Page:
But then where does my thinking above go wrong? I'm really hoping to see where my thinking is wrong at the level of parallel transport as I detailed here, rather than at the infinitesimal level of covariant derivatives (for which the spinorial Gauss formula would be sufficient). I really hope this post isn't too overwhelming or confusing for people to make sense of; please let me know if I can improve it.

  • $\begingroup$ The two products are related by $\langle\cdot,\cdot\rangle=(\cdot,e_0\cdot)$, where $e_0$ is a timelike vector. I understand that it is normal to $M\subset N$. Unless $M$ is totally geodesic in $N$, this vector field $e_0$ will not be parallel with respect to the Levi-Civita connection on $N$. However, it is always parallel with respect to the Riemannian structure on $M$. So I think you are right. Your view would be compatible with the spinorial Gauss formula if the difference of the two spin connection is skew w.r.t $Spin(3,1)$. Have you checked this? $\endgroup$ Jan 30, 2016 at 20:28
  • $\begingroup$ ... last line of my comment above doesn't make sense: I mean "is skew w.r.t the $Spin(3,1)$-invariant scalar product $(\cdot,\cdot)$." I am not familiar with Lorentz-Clifford algebras. In the Riemannian setting, this would be true (but then $(\cdot,\cdot)$ would not make much sense). $\endgroup$ Jan 30, 2016 at 20:44
  • $\begingroup$ @SebastianGoette Thank you for the comment. It got me thinking about the spinorial Gauss formula, and I realized I made a trivial mistake when checking compatibility (which caused a lot of undue anguish for me). I posted an answer with details below. $\endgroup$ Feb 1, 2016 at 21:27

1 Answer 1


I now believe that the statement in question (from the paper), "... the Riemannian connection $\bar\nabla$ of $M$... is compatible with $<\,,\,>$ but not with $(\,,\,)$" is false. It seems that both products are compatible with the connection $\bar\nabla$. As far as I can tell, the argument about parallel transport that I outlined above is correct, and the source of my confusion was a relatively trivial one with the spinorial Gauss equation.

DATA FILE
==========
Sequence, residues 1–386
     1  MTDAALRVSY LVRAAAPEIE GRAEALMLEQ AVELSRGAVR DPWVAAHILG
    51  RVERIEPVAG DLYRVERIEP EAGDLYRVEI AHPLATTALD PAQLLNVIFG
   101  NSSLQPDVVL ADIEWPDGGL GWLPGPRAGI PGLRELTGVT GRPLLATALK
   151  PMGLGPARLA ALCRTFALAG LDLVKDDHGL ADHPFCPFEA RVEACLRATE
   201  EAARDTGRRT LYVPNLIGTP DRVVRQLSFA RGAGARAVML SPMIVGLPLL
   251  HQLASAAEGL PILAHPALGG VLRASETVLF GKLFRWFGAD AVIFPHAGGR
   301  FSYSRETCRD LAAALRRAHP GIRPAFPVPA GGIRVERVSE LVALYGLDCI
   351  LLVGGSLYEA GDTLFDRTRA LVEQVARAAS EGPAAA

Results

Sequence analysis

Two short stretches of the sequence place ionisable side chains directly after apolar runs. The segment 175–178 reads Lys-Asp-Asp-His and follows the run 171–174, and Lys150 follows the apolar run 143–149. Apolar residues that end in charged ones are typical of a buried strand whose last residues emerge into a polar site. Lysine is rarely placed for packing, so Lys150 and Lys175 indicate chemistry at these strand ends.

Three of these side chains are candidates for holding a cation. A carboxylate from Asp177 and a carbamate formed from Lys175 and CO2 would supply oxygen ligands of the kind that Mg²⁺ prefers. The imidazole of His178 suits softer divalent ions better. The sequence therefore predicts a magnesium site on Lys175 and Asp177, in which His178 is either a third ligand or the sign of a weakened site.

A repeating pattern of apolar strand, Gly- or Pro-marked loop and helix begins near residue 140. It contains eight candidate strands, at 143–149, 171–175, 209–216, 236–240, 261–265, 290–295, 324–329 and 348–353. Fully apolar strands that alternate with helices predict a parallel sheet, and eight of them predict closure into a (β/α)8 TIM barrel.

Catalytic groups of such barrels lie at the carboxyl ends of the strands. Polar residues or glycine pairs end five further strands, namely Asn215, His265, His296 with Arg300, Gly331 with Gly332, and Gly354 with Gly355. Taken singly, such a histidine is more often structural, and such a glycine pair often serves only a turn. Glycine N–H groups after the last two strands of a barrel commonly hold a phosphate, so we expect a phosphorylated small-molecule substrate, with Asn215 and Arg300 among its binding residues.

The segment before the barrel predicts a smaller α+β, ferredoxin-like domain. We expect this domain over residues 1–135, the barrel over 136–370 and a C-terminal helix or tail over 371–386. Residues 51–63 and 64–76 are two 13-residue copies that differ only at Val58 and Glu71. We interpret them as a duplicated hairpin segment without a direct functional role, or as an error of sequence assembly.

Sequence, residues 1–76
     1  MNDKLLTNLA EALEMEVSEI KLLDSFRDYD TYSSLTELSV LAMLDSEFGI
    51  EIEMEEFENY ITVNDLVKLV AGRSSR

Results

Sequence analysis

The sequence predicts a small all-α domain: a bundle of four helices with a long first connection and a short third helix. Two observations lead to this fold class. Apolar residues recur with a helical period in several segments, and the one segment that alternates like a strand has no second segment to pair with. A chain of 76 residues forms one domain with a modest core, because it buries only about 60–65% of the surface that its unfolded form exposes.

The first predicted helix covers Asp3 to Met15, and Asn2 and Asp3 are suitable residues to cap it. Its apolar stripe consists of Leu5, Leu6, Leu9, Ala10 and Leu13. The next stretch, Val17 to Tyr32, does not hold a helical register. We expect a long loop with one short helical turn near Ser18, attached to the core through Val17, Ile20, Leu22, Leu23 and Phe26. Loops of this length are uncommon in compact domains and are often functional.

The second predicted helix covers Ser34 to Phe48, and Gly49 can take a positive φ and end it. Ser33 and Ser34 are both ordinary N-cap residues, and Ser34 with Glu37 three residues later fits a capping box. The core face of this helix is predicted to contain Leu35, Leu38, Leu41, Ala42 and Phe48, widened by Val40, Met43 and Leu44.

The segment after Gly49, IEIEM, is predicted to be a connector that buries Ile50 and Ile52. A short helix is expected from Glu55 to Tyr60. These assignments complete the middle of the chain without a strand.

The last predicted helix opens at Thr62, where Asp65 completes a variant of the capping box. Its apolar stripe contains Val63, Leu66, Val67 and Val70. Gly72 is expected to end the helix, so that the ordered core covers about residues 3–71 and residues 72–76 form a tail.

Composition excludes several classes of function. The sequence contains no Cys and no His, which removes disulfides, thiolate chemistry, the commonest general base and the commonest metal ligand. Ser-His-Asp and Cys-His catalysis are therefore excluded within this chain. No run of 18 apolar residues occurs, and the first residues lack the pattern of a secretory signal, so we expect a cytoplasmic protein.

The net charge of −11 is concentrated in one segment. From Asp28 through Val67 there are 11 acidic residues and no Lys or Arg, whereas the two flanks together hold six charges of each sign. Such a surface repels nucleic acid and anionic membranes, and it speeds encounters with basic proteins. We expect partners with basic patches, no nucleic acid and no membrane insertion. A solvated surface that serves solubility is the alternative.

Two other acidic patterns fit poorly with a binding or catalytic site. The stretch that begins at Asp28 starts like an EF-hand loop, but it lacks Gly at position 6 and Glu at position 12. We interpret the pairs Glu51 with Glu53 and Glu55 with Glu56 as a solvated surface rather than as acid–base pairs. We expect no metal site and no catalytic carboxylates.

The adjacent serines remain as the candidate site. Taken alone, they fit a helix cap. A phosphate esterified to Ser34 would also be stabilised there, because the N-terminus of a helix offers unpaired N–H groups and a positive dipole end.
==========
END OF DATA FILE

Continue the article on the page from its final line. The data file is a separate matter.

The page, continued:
I'd like to outline how the spinorial Gauss equation is consistent with the parallel transport picture. I'll reference the arxiv document, page 7, that was linked at the end of the original post. The spinorial Gauss equation as stated in this link (and using the notation from the Parker/Taubes paper; sorry for the possible annoyance) is $$\nabla_X\phi=\bar\nabla_X\phi-\displaystyle\frac{1}{2}h(X)\cdot e_0\cdot\phi$$ Here $h$ is the second fundamental form, thought of as an endomorphism of the tangent bundle, i.e. the shape operator. The minus sign (as opposed to the $+$ in the link; hope I have this right, though it shouldn't affect the remainder of the argument) is due to the fact that $e_0$ is lightlike, which doesn't factor in to the Riemannian situation.

Now, we want to see if $\bar\nabla$ is compatible with $(\,,\,)$. First note that $\nabla$ is compatible with $(\,,\,)$, so $$X(\phi,\psi)=(\nabla_X\phi,\psi)+(\phi,\nabla_X\psi)=(\bar\nabla_X\phi,\psi)+(\phi,\bar\nabla_X\psi)-\displaystyle\frac{1}{2}[(h(X)\cdot e_0\cdot\phi,\psi)+(\phi,h(X)\cdot e_0\cdot\psi)]$$ which shows compatibility if $(h(X)\cdot e_0\cdot\phi,\psi)+(\phi,h(X)\cdot e_0\cdot\psi)=0$. To this end, we recall (see the Parker/Taubes paper) that Clifford multiplication is Hermitian with respect to $(\,,\,)$. Thus $$(h(X)\cdot e_0\cdot\phi,\psi)=(e_0\cdot\phi,h(X)\cdot\psi)=(\phi,e_0\cdot h(X)\cdot\psi)=-(\phi,h(X)\cdot e_0\cdot\psi)$$ which cancels out the other term. This establishes that $\bar\nabla$ on $M$ is compatible with $(\,,\,)$.